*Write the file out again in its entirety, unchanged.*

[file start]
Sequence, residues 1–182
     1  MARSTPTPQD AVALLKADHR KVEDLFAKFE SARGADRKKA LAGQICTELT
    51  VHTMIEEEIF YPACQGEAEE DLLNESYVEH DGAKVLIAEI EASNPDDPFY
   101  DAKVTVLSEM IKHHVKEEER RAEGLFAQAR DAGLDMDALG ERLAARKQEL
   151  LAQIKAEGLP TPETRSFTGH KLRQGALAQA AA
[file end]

Sequence, residues 1–182
     1  MARSTPTPQD AVALLKADHR KVEDLFAKFE SARGADRKKA LAGQICTELT
    51  VHTMIEEEIF YPACQGEAEE DLLNESYVEH DGAKVLIAEI EASNPDDPFY
   101  DAKVTVLSEM IKHHVKEEER RAEGLFAQAR DAGLDMDALG ERLAARKQEL
   151  LAQIKAEGLP TPETRSFTGH KLRQGALAQA AA